The only other vegetation you are likely to come across is the amazing variety of lichen. The bright orange lichens, which cling to rock outcrops facing the ocean, add a welcome splash of colour to the grey landscape. More than 100 different species have been recorded in the Skeleton Coast National Park, all dependent upon the coastal fog for moisture; in the moist air the plants become soft and many change colour.

Durissa Bay North

As you approach the southern entrance to the Skeleton Coast National Park there is a signpost for the wrecked fishing boat,
. Do not drive on the salt pans; despite their dry appearance, it is easy to get stuck here. The boundary between the National West Coast Recreation Area and the Skeleton Coast National Park is marked by the Ugab River, which flows into Durissa Bay. The Ugab is one of Namibia's major rivers, rising over 500 km inland, east of Outjo; after good rains it is an important source of water in Damaraland. A skull and crossbones adorns the gate by the Ugabmund park office and this is a good spot to have your photo taken.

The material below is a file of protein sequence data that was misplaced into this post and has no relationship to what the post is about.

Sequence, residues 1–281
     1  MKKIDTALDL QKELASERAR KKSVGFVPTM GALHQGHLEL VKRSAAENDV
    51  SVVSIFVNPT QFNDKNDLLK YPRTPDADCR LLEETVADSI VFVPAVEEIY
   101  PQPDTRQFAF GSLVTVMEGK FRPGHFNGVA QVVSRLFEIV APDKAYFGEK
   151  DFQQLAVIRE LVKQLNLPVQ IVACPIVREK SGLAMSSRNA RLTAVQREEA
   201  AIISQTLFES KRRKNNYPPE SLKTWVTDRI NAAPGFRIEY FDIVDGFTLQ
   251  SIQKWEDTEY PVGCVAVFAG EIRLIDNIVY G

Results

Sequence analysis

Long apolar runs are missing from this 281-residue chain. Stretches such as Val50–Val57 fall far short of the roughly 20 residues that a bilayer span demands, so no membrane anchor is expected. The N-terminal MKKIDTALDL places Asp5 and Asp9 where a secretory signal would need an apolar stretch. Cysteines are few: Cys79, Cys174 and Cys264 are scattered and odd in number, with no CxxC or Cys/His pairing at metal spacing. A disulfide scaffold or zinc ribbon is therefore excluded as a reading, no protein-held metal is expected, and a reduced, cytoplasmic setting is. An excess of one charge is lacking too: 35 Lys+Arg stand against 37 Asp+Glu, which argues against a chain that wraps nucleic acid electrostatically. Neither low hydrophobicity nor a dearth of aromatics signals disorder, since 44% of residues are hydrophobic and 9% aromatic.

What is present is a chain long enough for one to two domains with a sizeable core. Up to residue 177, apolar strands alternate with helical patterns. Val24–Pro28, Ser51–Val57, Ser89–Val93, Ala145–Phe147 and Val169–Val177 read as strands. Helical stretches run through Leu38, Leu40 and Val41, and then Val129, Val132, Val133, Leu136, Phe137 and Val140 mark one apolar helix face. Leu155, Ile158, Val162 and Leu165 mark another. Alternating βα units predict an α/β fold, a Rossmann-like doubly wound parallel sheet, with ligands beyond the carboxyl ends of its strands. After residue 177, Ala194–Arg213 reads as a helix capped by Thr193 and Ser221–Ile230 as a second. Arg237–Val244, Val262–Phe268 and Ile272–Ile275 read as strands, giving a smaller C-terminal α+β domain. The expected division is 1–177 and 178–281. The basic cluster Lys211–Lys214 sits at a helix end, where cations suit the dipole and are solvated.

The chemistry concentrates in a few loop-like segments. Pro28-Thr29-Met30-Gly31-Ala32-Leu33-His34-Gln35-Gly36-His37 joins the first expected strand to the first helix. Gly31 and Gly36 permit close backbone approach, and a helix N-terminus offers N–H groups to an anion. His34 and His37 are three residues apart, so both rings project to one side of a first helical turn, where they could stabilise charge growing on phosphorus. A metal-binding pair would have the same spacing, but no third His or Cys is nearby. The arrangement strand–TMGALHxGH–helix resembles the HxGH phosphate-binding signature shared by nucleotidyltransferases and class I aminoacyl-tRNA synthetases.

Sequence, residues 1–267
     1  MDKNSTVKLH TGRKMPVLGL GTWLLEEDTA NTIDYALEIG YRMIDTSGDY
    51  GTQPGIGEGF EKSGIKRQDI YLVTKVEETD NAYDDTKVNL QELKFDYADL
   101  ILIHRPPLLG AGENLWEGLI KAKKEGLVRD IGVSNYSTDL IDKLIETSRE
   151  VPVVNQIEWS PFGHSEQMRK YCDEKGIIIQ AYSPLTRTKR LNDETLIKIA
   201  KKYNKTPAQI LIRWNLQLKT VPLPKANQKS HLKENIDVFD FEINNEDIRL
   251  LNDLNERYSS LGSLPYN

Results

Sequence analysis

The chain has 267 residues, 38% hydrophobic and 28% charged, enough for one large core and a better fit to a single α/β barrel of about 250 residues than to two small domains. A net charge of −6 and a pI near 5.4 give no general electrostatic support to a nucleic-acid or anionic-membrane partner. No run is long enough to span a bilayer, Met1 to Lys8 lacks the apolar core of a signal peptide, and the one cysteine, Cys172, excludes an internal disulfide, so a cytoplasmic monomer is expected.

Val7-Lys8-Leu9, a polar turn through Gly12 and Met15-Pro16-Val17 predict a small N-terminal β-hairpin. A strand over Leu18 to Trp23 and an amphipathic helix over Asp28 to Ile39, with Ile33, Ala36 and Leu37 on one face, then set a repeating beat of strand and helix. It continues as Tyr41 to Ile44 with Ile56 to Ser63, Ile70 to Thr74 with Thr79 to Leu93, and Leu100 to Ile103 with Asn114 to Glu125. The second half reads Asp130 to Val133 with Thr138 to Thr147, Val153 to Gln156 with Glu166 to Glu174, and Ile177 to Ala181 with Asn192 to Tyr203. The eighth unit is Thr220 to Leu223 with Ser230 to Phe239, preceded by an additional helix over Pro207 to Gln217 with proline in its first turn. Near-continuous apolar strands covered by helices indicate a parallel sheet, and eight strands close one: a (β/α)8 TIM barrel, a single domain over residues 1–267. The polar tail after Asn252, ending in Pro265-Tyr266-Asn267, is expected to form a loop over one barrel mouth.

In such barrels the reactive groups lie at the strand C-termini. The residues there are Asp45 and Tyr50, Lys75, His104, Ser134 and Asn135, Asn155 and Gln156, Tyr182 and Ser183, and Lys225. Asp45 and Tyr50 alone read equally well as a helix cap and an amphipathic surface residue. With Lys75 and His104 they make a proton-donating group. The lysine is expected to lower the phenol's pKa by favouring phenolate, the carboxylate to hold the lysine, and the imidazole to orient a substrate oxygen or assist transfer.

As you cross the wide river notice the variety of trees and shrubs growing in the sandy bed. Some of the well-established plants are stunted since they have had to survive in windswept conditions with long periods of moisture stress. Whenever you approach these riverbeds try to be as quiet as possible since there is always a chance of seeing a small herd of springbok resting in the shade or a shy family of kudu browsing the acacia trees.

Once across the river the salt road stays close to shore. One of the first shipwrecks you see is the
South West Sea